Michael Vaughan Leadership
Michael Vaughan (1974- )
Most successful English cricket captain (pictured right) in recent years, winning
the Ashes in 2005 against Australia for the first time since 1987.
Why was he a great leader?
1. Teamwork, talent and purpose
He and head coach, Duncan Fletcher turned a group of talented individuals into a great
team with a common purpose to win matches.
They also had a great backup team to help them like the physiotherapists and bowling and
batting coaches. Vaughan made a big effort to compliment them all and make them feel part of the team.
He believed that one player’s problem is everybody’s problem.
Everyone, including Vaughan, was treated the same, sharing the same rewards of success and the same pressures of
He reinforced players’ camaraderie by being the first England captain to get them to celebrate in a huddle on
the pitch (for example, in 2005 after Ashley Giles had dismissed the Australian captain,
Ricky Ponting, pictured right).
2. Preparation and planning
Vaughan and Duncan Fletcher worked incredibly hard to make the most of their team’s strengths and
exploit their opponents’ weaknesses.
In the field Vaughan was always thinking about the next ball, field placements, bowling changes and what his
opponents would do.
3. Tough love
He looked after his players, encouraging and praising them when they needed it.
He was first among equals - “Nobody is on a pedestal and nobody looks up to anybody else”, he
But he was tough enough to:
- be decisive, when quick decisions were needed in the field (like taking off a
- make the difficult decisions (like dropping Graham Thorpe in favour of Kevin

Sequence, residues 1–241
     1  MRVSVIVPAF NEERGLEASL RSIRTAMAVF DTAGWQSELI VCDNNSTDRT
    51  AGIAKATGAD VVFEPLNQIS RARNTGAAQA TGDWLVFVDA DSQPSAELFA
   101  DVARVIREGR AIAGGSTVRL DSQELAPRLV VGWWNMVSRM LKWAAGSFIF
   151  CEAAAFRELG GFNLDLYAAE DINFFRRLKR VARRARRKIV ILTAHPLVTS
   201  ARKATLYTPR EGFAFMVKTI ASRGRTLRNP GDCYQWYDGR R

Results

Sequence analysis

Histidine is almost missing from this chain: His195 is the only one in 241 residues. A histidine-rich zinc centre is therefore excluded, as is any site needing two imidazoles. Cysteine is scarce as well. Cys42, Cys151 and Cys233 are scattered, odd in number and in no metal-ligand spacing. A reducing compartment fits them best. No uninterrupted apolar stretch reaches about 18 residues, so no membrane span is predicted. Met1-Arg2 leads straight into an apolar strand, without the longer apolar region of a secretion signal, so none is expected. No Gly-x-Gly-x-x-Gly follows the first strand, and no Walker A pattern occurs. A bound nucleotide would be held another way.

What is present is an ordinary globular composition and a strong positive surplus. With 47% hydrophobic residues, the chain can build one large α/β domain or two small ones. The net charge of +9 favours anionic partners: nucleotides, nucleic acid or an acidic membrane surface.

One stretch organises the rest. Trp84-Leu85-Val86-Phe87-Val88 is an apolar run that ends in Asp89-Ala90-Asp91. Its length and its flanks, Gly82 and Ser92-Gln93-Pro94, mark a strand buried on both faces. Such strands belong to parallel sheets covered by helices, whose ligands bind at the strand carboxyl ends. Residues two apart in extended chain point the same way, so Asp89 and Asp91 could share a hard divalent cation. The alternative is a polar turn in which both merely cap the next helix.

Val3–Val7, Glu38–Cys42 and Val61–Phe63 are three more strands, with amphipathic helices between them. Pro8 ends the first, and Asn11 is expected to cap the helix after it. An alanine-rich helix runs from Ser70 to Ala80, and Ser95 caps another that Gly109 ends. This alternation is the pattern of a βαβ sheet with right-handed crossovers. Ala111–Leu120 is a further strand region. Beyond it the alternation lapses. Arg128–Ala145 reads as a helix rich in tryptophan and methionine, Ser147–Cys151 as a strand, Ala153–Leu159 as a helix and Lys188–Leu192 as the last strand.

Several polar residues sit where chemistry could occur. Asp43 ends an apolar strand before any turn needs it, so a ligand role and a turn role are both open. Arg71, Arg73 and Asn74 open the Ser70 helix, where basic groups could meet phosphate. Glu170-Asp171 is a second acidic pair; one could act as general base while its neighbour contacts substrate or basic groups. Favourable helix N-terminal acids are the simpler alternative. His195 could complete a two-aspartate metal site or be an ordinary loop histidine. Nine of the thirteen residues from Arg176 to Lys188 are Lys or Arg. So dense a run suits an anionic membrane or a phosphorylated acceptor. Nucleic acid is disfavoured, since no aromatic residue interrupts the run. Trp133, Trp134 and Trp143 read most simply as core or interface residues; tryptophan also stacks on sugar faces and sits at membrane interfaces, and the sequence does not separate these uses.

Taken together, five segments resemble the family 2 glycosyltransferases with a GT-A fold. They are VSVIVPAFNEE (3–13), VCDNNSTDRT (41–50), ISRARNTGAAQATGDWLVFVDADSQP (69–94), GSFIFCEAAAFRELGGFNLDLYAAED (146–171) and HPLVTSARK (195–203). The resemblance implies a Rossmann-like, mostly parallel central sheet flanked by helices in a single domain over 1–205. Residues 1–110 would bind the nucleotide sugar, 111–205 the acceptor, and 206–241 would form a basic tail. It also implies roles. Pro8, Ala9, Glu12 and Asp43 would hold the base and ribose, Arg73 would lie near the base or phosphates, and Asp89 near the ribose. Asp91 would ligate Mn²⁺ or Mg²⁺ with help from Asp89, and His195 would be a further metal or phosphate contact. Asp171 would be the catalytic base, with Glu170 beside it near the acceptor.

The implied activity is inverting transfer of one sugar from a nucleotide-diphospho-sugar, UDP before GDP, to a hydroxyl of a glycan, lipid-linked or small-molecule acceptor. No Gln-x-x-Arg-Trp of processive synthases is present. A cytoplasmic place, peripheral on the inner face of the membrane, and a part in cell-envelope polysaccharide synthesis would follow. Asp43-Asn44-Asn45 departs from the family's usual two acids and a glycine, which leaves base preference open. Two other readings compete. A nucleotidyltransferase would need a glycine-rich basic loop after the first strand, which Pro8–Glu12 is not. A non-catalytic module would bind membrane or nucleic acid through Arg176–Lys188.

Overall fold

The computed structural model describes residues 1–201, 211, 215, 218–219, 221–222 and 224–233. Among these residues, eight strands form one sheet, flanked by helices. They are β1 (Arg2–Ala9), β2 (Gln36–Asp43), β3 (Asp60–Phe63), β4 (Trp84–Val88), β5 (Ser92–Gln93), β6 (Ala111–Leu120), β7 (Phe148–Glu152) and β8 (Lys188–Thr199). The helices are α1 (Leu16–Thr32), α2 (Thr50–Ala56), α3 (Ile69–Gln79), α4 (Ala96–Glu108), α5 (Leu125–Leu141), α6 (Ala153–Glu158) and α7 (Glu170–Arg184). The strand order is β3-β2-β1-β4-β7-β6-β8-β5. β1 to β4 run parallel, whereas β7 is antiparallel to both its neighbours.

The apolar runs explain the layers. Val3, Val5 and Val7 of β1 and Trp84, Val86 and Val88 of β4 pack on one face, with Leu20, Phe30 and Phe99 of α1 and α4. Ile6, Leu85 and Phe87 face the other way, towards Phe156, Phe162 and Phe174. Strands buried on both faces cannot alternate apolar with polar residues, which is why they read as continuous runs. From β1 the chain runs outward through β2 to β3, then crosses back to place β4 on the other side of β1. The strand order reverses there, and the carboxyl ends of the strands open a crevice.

Pietersen, pictured right, for the 2005 Ashes series);
- cajole his players to get the best from them (like making a fast bowler angry).
4. Leading by example
He led from the front. He
- practised what he preached.
- kept cool under pressure.
- earned the players’ respect with his honesty, integrity, gratitude, encouragement and
ability as a player.
He had enormous self-belief in his own ability and communicated this self-confidence to
the rest of the side.
- made each player responsible not only for their own performance, but also for the results
of the team.
- wanted the whole team to be captains with everybody contributing to the team effort
without challenging his authority.
- set up a “think tank”, a small group of senior players contributing their ideas about how
they should play.
He was totally focused on his team’s success.
When Steven Harmison got nine wickets in one innings against the West Indies,
Marcus Trescothick (pictured right) , the vice captain, got him a stump, but Vaughan was off,
getting his pads on for the England innings!
He believed in celebrating success, and having fun and a good laugh both
on and off the field.
He says one of the most important rules of captaincy is to turn up with a smile on your
He was lucky to have great players like Andrew
Flintoff (pictured right) and meet sides like Australia and the West Indies when they weren’t as
strong as before.
In 2005 Australia’s star bowler Glenn McGrath was also
injured at a critical time, and England suffered only one injury (when Simon Jones missed the
10. Relaxed perspective
He was relaxed about cricket, because “it’s not life and death”, he said.
So he treated triumph and disaster the same. After defeat in the first match against Australia at Lord’s in
2005, he still had a smile, kept the same team and looked quietly confident.
He has a loving wife, Nichola (pictured right together after winning the Ashes in 2005), who
totally supported his cricket career.
12. Learning and selection
He picked the right players, listened to their views and learned from them and other cricketers (like the former
England captains, Nasser Hussain and Mike Atherton).
Key quotes on
The art of captaincy is to motivate your players into giving everything.
Good captains are born, not made, and there is no manual you can produce to do the demands of the job
First and foremost, you have to have the respect of those you are leading.
Key quotes on
The team is the important thing, not the individuals.